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A new way to explore the night sky

A group of graduate students led by associate professor Nick Law have spent the past year designing, engineering and developing a prototype for a new telescope system that will allow researchers to explore phenomena that no one has been capable of exploring before.

Two men work on the telescope dome.
Graduate students Alan Vazquez Soto, Nathan Galliher and Hank Corbett work on the design of the Argus Array telescope system.

A team of graduate students from the College of Arts and Sciences’ physics and astronomy department is creating new technology that will help astronomers capture a more detailed and far more rapid movie of the night sky.

They have gathered together almost every day for the last year, developing and engineering a prototype for what they are calling an “Argus Array telescope system.” The concept is based on the already-operational Evryscope system developed by Carolina astronomers to record the entire night sky in every image it takes.

Their new design, they hope, will take the idea behind the Evryscope to the next level.

“No one’s ever designed a telescope like this,” said Nick Law, the team’s principal investigator and an associate professor in physics and astronomy. “Our Evryscope system covers the northern and southern skies, but now we’re scaling up again to something that’s about a thousand times bigger than Evryscopes, able to collect far more light and go far beyond what the Evryscopes are capable of to look for things in other galaxies.”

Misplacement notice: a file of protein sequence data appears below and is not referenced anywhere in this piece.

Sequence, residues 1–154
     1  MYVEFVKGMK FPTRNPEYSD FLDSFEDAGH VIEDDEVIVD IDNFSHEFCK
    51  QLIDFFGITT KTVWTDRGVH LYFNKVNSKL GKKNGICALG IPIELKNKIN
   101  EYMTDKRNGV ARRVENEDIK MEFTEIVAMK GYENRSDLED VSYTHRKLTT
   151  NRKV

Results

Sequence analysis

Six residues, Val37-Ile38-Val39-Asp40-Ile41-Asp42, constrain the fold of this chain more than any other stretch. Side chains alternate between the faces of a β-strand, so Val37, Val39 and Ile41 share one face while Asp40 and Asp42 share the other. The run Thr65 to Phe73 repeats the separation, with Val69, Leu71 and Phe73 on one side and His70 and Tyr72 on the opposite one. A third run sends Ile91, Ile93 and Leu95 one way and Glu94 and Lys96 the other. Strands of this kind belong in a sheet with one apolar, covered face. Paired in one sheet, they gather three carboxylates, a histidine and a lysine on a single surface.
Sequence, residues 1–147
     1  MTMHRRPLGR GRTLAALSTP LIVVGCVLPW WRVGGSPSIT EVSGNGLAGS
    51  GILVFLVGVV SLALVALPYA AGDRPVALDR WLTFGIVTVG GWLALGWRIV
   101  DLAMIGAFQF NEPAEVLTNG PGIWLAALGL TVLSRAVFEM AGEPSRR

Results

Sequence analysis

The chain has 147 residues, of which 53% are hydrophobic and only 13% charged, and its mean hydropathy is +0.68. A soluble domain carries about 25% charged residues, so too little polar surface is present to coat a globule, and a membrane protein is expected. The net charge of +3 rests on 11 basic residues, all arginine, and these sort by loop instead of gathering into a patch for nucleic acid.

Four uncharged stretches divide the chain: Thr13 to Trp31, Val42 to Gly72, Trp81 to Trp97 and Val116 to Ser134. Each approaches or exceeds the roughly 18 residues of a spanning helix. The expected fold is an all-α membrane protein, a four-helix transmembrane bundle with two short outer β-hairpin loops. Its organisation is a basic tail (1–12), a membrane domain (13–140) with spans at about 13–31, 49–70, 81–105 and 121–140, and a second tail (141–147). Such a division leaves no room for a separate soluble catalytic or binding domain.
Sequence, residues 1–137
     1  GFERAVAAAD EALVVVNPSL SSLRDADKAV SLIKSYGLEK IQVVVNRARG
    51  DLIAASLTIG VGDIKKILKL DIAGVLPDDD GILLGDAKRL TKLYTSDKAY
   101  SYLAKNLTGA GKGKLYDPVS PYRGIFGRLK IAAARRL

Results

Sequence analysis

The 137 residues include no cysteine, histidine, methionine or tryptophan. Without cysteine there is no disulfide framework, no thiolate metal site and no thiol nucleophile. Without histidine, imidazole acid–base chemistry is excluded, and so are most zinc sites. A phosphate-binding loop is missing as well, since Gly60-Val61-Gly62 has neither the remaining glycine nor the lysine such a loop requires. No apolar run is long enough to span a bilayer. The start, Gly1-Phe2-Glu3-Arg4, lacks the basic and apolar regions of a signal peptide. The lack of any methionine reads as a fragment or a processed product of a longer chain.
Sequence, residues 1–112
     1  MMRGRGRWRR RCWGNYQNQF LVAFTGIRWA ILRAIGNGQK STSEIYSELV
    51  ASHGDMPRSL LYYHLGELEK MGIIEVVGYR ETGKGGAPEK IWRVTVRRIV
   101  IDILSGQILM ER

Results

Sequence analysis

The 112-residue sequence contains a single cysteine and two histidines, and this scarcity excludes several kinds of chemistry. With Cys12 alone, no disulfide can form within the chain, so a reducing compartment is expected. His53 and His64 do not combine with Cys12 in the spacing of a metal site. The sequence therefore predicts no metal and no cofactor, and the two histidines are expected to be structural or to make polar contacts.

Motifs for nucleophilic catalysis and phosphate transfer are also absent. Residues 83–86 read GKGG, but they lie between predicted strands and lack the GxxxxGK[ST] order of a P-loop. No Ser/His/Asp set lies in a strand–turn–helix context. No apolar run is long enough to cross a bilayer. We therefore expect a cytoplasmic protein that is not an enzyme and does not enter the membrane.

With funding from the National Science Foundation, the team has been designing, engineering and developing the first prototype themselves, creating a new system consisting of nine telescopes housed within a protective dome.

In addition to an off-campus space they’ve used to construct their device, the team has utilized Carolina’s makerspaces to bring their idea to life. Above, Nathan Galliher and Alan Vazquez Soto make 3D parts for the telescope system in the Murray Hall makerspace.

“We learned things as we went along, we changed things, and that’s the sort of fun you get to have at that funding level,” said Galliher, a graduate student working on the project. “There’s some freedom in your design choices to change as you learn things, which is vital from what we’ve found.”

Initially, they had planned to build one large structure. But through the team’s engineering and tests, they realized that splitting the structure into a smaller system of telescopes would be more efficient and help keep the telescopes better protected from the elements.

“At the moment, we’re looking at somewhere between five and 10 small domes, which means that the main system doesn’t have to be a 50-foot-high building, which is quite a significant cost saving,” said Law. “We can now make multiple copies of smaller systems that are of a much more feasible scale.”

The dome structures of the Argus Array telescope system will be approximately 20-feet in diameter. Above, graduate student Ramses Gonzalez positions the base of the prototype.

Galliher (pictured above) said a significant benefit of working on a project funded by the National Science Foundation’s Mid-Scale Innovations Program is that the team is funded to engineer a prototype system, with the freedom to explore multiple ideas to find the best solutions.

Outside the off-campus facility, the team has been testing the prototype under the night sky. Above, Lawrence Machia, Hank Corbett and Galliher modify the system during one of their nighttime tests.

Their current prototype will soon make its way to the Pisgah Astronomical Research Institute in western North Carolina for long-term tests of the Argus Array concept and ensuring that they can keep the telescopes both safe and functional while still producing quality images.

If all goes well, the team will then put in hardware orders for the next, much larger prototype.

Ultimately, the team hopes that the Argus Array telescope system will complement research being conducted at various institutions and create opportunities to explore the cosmos in a new way.

“We want to look at the entire sky, and we want to do it really, really quickly,” said Law. “That will allow us to explore phenomena that no one has been capable of exploring before. There’s always the unknown, there’s always the surprises, and that’s what really excites me.”